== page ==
geist = mind, spirit soul, etc
haus = house, building etc
so we get
geisteskrankenhaus = lunatic asylum
(In many of my essays there are perhaps as many questions as answers. But at least this is a start, without questions there are no answers,
and without the right questions we don’t get the right answers) Moreover as in art the viewer should do some of the work!
2. Many dates
If one of my ‘precious things’ gets inadvertently knocked or dropped
I repeat the event.
If I do it now and no damage is done to the item, I see nothing wrong with it,
then it didn’t get damaged the first time
Compare this with the hyperactive little black s.l.d. boy at WW.
On one occasion he hit himself on the corner of his desk as he was leaving it.
He goes back to repeat the event, once or twice, to try to duplicate or triplicate the event.
2. “I’m OK on this second or third occasion so I was OK before”, (not that this was a conscious verbalised idea, the boy was non-verbal, s.l.d.
More crazy yet would be-:-
“What I did made [me know that] the thing [is] OK now”
“[If] what was done just now [did not harm the thing so the similar/same thing that was done before] did not harm the thing then”
In an obsessive compulsive ritual, e.g. counting up to a certain number while washing the hands, if the patient is distracted, so was not paying full
attention to the process, did not have full consciousness of what he was doing, then he will feel he must start again for the whole thing to be effective.
Similarly with checking that one still has all ones credit/debit cards in ones wallet after using a card to get money from an ATM machine.
Compare this with the little black imbecile boy knocking his leg against his desk as he rushes away out of his chair. He goes back to do it again,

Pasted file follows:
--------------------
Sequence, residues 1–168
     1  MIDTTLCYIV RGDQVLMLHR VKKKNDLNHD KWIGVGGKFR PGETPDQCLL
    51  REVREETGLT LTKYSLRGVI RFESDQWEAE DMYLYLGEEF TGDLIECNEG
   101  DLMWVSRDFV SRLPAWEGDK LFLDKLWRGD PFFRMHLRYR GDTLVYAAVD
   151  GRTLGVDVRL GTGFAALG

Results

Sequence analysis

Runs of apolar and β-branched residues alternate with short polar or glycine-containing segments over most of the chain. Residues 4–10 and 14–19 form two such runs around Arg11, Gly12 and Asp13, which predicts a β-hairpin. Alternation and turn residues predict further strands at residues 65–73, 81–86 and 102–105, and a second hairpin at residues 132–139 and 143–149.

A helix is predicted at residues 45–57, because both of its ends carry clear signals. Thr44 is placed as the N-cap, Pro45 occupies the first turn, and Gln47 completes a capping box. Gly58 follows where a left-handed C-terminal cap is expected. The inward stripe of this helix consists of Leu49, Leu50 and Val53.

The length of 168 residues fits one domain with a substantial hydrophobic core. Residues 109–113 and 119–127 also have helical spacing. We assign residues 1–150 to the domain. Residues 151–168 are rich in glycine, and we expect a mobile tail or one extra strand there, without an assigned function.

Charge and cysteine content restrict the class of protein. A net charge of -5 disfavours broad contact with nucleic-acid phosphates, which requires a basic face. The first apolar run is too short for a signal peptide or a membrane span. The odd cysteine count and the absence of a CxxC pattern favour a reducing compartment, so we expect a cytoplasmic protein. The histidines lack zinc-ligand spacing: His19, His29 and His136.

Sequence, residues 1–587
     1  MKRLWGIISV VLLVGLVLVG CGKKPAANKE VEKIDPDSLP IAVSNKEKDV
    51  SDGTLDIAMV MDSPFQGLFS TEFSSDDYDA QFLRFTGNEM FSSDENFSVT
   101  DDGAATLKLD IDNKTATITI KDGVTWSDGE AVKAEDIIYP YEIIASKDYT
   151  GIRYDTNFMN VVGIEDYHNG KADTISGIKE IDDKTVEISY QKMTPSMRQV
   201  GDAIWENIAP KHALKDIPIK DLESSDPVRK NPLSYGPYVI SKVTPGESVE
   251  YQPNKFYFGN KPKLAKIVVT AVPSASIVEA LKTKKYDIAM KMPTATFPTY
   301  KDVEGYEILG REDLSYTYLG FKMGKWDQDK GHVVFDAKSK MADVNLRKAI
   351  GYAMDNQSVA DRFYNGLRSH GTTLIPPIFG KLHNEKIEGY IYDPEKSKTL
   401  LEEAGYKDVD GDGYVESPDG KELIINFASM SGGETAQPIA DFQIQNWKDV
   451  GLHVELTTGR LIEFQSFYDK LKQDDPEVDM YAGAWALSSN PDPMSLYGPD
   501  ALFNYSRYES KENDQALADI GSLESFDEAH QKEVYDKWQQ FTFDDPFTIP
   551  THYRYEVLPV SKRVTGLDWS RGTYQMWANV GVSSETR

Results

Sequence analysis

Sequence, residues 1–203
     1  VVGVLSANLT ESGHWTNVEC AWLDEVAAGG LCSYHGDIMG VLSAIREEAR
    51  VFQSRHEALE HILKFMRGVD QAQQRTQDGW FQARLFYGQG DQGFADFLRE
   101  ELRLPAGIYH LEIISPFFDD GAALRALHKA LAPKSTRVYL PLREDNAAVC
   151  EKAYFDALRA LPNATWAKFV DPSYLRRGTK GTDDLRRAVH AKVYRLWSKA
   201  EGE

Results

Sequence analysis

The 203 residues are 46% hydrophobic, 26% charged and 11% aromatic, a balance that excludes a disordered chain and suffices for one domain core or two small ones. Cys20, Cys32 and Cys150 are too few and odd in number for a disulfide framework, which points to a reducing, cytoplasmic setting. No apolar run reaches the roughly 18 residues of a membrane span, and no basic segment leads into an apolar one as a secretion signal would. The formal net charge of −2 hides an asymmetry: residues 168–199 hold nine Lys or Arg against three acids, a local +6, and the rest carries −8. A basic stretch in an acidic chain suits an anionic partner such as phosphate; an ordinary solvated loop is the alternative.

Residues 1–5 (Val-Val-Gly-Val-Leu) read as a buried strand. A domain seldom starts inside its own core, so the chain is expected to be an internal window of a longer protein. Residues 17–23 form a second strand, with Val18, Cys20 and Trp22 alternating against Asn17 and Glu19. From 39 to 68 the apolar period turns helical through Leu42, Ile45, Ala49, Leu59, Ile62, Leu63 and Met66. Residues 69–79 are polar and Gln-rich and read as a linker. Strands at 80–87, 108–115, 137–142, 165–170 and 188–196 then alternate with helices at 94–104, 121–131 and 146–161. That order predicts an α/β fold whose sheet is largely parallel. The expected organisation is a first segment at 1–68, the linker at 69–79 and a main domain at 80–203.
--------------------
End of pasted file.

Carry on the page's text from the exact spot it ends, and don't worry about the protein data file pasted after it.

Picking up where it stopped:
but this time to be fully conscious of the event.
To be fully conscious and aware of an event, an activity you carry out, is to be in control of it. So by being conscious of doing something brings it into
We saw how important a feeling of control is, in the case of Helen P., a little slightly spastic s.l.d. girl. With a pad type switch she was delighted
in the unaccustomed control it gave her over a particular class of environmental event, the turning on of her music player.
She seemed to be just as delighted when switching it off, as in switching it on!
Ordinarily we have no control over events of which we are not directly conscious e.g. heart rate, blood pressure etc.
(Apart from yogic masters etc.)
We can control events/processes of which we are conscious – about which we get conscious sensory/perceptual feedback, e.g. breathing,
talking, walking etc.
Even these can drop out of full consciousness as they become habitual and over-practised, e.g. riding a bicycle, swimming, driving a car etc.
As a baby develops he achieves more and more conscious control of the movements of his body, from eyes and head, to arms and hands,
to trunk, to legs and feet.
a. cephalo --> caudal
b. central --> distal
For similar stuff look at :-
Covering the Eyes